Still, there are derivations that do not fit in the descriptions given above; an alkoholistalcoholic is "someone who is addicted to {noun}" ( alkoholalcohol), a columnistcolumnist is "someone who produces {noun}" ( columnscolumns) and an alpinistAlpinist is someone who likes to climb mountains, not specifically in the Alps.

[+] Adjectival base

Nouns in -ist with an adjectival base are less frequent. Examples are given below:


Table 2
Base form Derivation
passyfpassive passivistpassivist
aktyfactive aktivistactivist
ekstreemextreme ekstremistextremist
spesjaalspecial spesjalistspecialist
ynternintern ynternistinternist
modernmodern modernistmodernist

Some formations with -ist are only seemingly derived from an adjective. A sosjalistsocialist, for example, is not a social person in the first place, but rather an adherent of sosjalismesocialism. And a humanisthumanist is not someone who is humaanhuman, but rather someone who has humanismehumanism as his conviction. These formations display affix substitution. Some formations may be ambiguous. For example, an ekstremistextremist may be extreme, or he is an adherent of some form of extremism.

[+] Verbal base

In case of typisttypist, the base is a verb, i.e. typeto type. This is the only example where a verb is the base form.

[+] Phonological properties

The suffix -ist bears the main stress of the word, which results in a stress shift: OARgel > oargeLIST, akTYF > aktiVIST, etcetera. As can be seen, the suffix is cohering.

An effect of the stress shift may be that the vowel preceding the suffix may be shorter than the corresponding one in the base. Examples are kapitaal[kapita:l]capital > kapitalist[kapitalɪst]capitalist and humaan[hyma:n]humane > humanist[hymanɪst]humanist. This vowel also need not necessarily have undergone the diphthongization of its stressed cognate, cf. koloanje[ko:lo.əⁿjə]colony > kolonist[ko:lo:nɪst]colonist and telefoan[te:ləfo.ən]telephone > telefonist[te:ləfo:nɪst]telephonist.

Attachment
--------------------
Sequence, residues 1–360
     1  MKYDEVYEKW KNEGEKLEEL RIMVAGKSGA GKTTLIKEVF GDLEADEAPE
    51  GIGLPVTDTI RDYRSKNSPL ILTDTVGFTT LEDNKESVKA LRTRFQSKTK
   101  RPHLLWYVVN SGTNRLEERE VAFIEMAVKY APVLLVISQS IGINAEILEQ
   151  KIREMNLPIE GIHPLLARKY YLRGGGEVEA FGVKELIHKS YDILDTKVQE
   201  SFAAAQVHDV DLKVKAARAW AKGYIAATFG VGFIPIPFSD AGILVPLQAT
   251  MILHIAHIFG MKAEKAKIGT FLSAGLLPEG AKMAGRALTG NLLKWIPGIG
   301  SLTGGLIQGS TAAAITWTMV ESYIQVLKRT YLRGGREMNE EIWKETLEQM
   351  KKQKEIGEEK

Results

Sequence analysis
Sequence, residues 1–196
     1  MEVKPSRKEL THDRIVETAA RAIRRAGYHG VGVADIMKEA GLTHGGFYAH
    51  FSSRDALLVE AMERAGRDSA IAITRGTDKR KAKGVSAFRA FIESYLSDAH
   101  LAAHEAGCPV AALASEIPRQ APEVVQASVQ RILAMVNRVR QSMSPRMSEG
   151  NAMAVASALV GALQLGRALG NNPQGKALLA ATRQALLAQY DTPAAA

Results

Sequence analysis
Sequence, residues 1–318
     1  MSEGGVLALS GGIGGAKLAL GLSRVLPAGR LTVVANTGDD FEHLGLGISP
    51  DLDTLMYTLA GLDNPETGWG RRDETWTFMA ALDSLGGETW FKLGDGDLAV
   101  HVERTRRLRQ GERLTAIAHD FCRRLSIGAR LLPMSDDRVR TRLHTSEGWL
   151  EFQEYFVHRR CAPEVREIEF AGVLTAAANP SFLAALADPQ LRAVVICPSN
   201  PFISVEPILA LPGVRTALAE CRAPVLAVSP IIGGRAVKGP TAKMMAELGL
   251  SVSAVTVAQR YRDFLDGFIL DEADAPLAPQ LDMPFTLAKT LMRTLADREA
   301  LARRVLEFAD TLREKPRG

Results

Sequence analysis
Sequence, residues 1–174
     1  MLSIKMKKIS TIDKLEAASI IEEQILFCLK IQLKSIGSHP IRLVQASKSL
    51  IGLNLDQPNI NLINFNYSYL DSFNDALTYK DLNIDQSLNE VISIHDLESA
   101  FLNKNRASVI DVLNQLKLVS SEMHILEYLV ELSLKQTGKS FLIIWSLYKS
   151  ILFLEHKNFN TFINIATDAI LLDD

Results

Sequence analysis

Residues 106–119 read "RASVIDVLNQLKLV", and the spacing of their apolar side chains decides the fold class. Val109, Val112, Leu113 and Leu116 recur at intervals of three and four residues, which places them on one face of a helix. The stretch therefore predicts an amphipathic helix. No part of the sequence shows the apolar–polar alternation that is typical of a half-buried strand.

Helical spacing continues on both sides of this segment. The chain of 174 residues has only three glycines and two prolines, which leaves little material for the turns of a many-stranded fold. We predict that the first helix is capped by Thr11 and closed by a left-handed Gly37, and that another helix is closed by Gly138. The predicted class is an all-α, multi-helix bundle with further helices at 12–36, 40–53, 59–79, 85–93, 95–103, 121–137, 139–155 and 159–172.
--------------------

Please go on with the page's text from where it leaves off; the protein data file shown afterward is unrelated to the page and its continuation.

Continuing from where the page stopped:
If the base ends in a vowel, this may have been truncated: piano[pia:no:]piano > pianist[pianɪst]pianist, fioeleviolin > fioelistviolinist and BoedhaBuddha > boedhistBuddhist. Truncation is not obligatory, however, as can be seen in words like egoïst[e:ɡo:ɪst]egoist (< ego[e:ɡo:]ego), prozaïst[pro:zaɪst]proser (< proaza[pro.əza:]prose) and hoboïst[ho:bo:ɪst]oboist (< hobo[ho:bo:]oboe).

[+] Morphological potentials

The derivations can be the first part of a compound. In that case, a linking element -e- is added: toerist-e-belestingtourist fee or sosjalist-e-bewegingsocialist movement. They can be input for other suffixes as well, like -(y)sk in sosjalistysksocialistic and kapitalistyskcapitalistic and -e in fioelistefemale violinist.

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x Literature

This topic is based on Hoekstra (1998:101) and De Haas and Trommelen (1993:224-225).

References:
  • Haas, Wim de & Trommelen, Mieke1993Morfologisch handboek van het Nederlands. Een overzicht van de woordvormingSDU Uitgeverij
  • Hoekstra, Jarich1998Fryske wurdfoarmingLjouwertFryske Akademy